Wednesday, July 11, 2007

The Rube Goldberg North End public relations machine

It's now obvious that the developer and the town planner are waging a public relations war to get the citizens of Middletown on board with the Liberty Square development, before it comes before the Planning and Zoning Commission.

The public relations is a bit clumsy when we have our town planner saying: "We needed to have an open and well-lit parking lot because of the perception and reality of crime in the area."

Again, I'm totally in favor of commercial/retail on that site. And the proposed plan is good, but as many people have said, it isn't perfect. And from my perspective, it's got some real problems that could easily be corrected.

I'm not looking for perfect, I'm just looking for the city to ask the developer to make some relatively small alterations to make it safe for pedestrians, and the best for Middletown's Main Street streetscape.

Here's what I think needs to be done:

1. Delete the entrance and exit driveway which will cross Main Street. Our town planner says correctly that the new driveway (curb cut), will be a single driveway replacing three currently on the property. What he doesn't say is that two of the three on the property now are rarely used, and that in consolidating three down to one, it will actually increase traffic in the one driveway. In addition, a retail store and business offices will further increase the traffic. All of which will cross Main Street, which already has regular foot traffic, and where we hope to encourage more. It's a formula for a car vs. pedestrian accident.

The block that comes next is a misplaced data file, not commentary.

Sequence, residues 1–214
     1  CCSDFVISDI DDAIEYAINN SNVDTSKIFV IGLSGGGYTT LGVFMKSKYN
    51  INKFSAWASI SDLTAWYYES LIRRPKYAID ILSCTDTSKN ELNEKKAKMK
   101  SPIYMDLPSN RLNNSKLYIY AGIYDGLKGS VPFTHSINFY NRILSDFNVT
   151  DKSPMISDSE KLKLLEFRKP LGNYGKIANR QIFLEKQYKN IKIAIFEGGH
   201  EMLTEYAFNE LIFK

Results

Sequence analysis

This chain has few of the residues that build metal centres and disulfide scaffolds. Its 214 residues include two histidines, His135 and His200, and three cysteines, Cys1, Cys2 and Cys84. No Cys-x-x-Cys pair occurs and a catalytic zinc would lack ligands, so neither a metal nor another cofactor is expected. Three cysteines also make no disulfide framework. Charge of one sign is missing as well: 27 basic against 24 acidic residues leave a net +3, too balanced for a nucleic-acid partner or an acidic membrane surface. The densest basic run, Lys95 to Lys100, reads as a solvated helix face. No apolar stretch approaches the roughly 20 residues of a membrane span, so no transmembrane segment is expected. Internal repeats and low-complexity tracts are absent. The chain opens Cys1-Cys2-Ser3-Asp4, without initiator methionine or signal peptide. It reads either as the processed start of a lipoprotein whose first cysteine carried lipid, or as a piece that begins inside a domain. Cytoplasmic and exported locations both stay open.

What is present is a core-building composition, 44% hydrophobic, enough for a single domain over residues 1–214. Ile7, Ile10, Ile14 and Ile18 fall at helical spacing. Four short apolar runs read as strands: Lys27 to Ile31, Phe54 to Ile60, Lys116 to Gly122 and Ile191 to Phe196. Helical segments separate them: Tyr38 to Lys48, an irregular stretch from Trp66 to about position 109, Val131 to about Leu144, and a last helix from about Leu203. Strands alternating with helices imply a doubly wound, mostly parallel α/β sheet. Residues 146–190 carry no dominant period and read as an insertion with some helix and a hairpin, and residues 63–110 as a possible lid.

Solution: Make exit and entrances over the less-pedestrian traveled Liberty Street. The affected area of Liberty Street could be widened to make it a two-way street for entrance and exit from the new parking area.

2. Do not place surface parking adjacent to the Main Street sidewalk. Almost universally, progressive urban planners, especially those who value pedestrian traffic on main downtown thoroughfares, indicate that surface parking adjacent to sidewalks is extremely detrimental to luring foot traffic. Such surface parking also interrupts the kind of streetscape where buildings line a steet to draw pedestrians from store front to store front. A 100ft gap will be created on Main Street, and decorative walls and buffer plantings do not solve the problem.

Solution: A simple re-design of the building from a square to a rectangle will solve the problem.

3. Do not replace a historically-significant building with 10 blacktop spaces in a surface parking lot. The building at 9 Liberty is the former Methodist Chapel. It's 150 years old and is fully-inventoried in the National Register of Historic places. The town plans to move the building to Rapallo Avenue to create new residential space. Fine, if the building were not to be replaced with blacktop.

Solution: Leave the building where it is, and rehab it for residence at the location.

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